Pigeon Creek board member and repertory company actor Kate Bode (Second Witch, Lady Macduff, Gentlewoman, Seward) discusses the physical side of playing non-human characters.

I was very excited to begin exploring the witch characters of Macbeth. After all, they are some of the most famous of Shakespeare’s characters.

As I started my process of trying to create a character, however, it dawned on me that they are some of the most famous of Shakespeare’s characters. This suddenly became a very intimidating thought. Everyone knows about the witches. Everyone has some preconceived notion of what they should be. How can an actor live up to that? But then I thought: I don’t.

It is my job to create this character anew, and share it with the audience.

For me, the biggest struggle is the physical creation of a character: how they walk, how they move, their mannerisms, their habits, etc. My friends all know how much of a klutz I am, and my movement is sometimes hindered by chronic knee pain. So, for me, movement becomes an even bigger challenge when working with a non-human character.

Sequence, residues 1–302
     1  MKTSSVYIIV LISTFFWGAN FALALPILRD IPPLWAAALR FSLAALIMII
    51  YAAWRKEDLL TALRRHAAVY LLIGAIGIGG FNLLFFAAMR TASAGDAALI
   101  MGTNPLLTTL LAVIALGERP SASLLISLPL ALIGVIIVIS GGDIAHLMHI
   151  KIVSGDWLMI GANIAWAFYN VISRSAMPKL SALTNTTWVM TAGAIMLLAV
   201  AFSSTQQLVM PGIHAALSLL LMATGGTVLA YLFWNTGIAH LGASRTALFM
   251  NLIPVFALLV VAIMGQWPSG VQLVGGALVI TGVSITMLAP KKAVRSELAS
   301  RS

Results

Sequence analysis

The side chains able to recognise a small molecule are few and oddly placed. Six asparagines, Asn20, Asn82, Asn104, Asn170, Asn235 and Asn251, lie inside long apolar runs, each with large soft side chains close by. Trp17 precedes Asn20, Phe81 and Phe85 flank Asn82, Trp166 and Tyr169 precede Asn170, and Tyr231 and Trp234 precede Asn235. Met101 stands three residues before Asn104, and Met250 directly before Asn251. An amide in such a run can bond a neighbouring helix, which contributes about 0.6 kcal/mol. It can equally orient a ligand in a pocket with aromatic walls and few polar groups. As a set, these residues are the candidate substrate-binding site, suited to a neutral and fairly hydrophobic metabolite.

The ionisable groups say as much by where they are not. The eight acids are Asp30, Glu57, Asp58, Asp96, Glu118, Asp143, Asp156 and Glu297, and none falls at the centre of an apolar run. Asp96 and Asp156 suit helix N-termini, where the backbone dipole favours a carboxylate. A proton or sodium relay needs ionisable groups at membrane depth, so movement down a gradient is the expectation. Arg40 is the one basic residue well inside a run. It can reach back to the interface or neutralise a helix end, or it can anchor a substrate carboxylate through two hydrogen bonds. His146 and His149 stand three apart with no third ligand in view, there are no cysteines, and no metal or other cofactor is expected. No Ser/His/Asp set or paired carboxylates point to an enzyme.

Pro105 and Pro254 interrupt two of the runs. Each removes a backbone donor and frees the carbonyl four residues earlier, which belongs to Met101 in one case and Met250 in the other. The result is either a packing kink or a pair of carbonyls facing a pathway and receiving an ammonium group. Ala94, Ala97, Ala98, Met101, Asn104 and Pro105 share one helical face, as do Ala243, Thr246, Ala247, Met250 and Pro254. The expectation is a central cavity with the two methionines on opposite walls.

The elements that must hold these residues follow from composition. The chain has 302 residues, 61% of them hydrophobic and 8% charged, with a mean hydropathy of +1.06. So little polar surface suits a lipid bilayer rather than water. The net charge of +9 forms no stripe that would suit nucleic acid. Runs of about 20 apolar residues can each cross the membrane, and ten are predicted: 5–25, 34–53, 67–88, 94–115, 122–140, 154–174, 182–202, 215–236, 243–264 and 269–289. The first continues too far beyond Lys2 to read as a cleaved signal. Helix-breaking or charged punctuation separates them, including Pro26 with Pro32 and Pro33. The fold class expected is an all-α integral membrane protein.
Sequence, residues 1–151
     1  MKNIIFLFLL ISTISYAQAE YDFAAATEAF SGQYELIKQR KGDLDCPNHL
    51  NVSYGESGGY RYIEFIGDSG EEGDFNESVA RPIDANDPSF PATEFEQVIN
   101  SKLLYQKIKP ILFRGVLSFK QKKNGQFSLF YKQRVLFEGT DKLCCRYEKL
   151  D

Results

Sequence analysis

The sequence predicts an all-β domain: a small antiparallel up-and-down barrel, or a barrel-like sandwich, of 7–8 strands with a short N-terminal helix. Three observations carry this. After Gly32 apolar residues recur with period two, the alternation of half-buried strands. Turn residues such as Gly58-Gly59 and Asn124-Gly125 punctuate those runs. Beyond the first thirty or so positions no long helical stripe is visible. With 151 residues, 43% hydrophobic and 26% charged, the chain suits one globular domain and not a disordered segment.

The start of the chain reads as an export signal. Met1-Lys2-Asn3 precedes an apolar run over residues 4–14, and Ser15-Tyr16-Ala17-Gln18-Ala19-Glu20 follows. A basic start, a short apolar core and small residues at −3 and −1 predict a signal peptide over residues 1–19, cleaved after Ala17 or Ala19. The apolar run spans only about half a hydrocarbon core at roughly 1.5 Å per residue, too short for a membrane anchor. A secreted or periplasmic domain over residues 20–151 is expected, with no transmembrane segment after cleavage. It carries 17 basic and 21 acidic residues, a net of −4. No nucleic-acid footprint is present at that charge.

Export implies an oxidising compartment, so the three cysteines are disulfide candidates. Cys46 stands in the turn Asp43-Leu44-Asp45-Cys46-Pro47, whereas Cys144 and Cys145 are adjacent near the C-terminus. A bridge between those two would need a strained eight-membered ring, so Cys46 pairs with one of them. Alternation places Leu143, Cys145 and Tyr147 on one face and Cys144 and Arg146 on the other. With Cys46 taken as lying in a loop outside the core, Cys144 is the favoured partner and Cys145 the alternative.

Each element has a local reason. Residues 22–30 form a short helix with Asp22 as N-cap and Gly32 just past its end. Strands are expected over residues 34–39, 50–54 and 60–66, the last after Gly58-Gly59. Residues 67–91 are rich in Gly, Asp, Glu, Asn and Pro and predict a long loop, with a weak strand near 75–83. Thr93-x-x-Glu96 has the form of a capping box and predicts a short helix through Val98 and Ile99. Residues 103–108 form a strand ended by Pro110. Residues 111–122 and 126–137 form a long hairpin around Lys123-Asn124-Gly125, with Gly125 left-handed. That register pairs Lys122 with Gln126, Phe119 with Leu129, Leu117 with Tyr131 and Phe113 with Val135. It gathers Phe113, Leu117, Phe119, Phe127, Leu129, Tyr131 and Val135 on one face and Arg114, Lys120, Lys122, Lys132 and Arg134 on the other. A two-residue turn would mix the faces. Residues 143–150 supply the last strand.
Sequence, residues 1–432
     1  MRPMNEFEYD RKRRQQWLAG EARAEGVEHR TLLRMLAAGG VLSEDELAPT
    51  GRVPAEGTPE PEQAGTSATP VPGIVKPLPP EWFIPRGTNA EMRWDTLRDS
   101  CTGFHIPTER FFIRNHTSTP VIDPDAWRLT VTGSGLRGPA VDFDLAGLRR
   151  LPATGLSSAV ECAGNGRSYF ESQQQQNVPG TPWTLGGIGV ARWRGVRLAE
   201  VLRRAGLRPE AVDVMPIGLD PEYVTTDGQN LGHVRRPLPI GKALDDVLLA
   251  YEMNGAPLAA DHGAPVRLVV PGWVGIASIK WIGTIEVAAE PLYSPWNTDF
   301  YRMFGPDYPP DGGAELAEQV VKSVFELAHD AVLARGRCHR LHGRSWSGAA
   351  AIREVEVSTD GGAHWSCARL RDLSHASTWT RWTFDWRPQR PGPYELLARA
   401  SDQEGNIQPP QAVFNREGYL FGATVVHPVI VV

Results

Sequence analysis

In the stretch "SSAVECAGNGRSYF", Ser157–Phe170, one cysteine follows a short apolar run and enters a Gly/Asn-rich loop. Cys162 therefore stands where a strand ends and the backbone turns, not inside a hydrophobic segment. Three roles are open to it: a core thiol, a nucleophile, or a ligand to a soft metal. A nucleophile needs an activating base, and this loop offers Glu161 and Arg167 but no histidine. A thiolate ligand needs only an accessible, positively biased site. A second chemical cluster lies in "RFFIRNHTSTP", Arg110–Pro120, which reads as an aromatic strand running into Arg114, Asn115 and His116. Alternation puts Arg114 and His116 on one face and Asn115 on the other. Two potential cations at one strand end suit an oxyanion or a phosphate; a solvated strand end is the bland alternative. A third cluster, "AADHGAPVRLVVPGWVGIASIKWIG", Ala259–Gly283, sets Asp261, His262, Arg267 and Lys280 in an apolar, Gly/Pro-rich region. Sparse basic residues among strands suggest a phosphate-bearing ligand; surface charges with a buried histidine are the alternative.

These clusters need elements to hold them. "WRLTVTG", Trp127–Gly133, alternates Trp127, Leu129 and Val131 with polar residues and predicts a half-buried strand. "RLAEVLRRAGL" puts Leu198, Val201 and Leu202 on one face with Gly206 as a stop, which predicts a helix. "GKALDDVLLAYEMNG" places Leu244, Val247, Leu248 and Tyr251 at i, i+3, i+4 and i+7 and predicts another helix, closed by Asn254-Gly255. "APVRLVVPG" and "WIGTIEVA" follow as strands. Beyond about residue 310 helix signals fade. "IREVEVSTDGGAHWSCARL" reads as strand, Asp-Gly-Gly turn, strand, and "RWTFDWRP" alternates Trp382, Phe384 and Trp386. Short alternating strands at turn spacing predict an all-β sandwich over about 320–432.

But I found that I can use these weaknesses to my advantage. Because the witches are non-human, my awkward movements and lack of grace can actually help me to distinguish my character’s movement qualities from those of the other (human) characters in the play. Strange, angular movements that look so clumsy and so pitiful in the real world, seem fantastical, “weird,” and completely appropriate in the world of Macbeth.

I also found myself defaulting to the movement qualities I worked so hard on for the character of Ariel in The Tempest – the non-human spirit that is a servant to Prospero. At one point, one of my fellow actors pointed this out to me, and I realized that, while that movement quality worked for Ariel, it does not work for the witches. I had to deconstruct that movement and use bits and pieces of it to build a new, and more appropriate, character for an altogether different kind of world, and discard the things that didn’t work.

In the end, I hope that the movement and character that I have created for my witch will be both new and familiar, and that the audience will enjoy the hard work and effort of my clumsy, awkward self.

Pigeon Creek newcomer Dynasty (Third Witch, Donalbain, Menteith, Second Murderer) talks about her experience rehearsing Macbeth.

1. How do you typically go about preparing a Shakespearean character?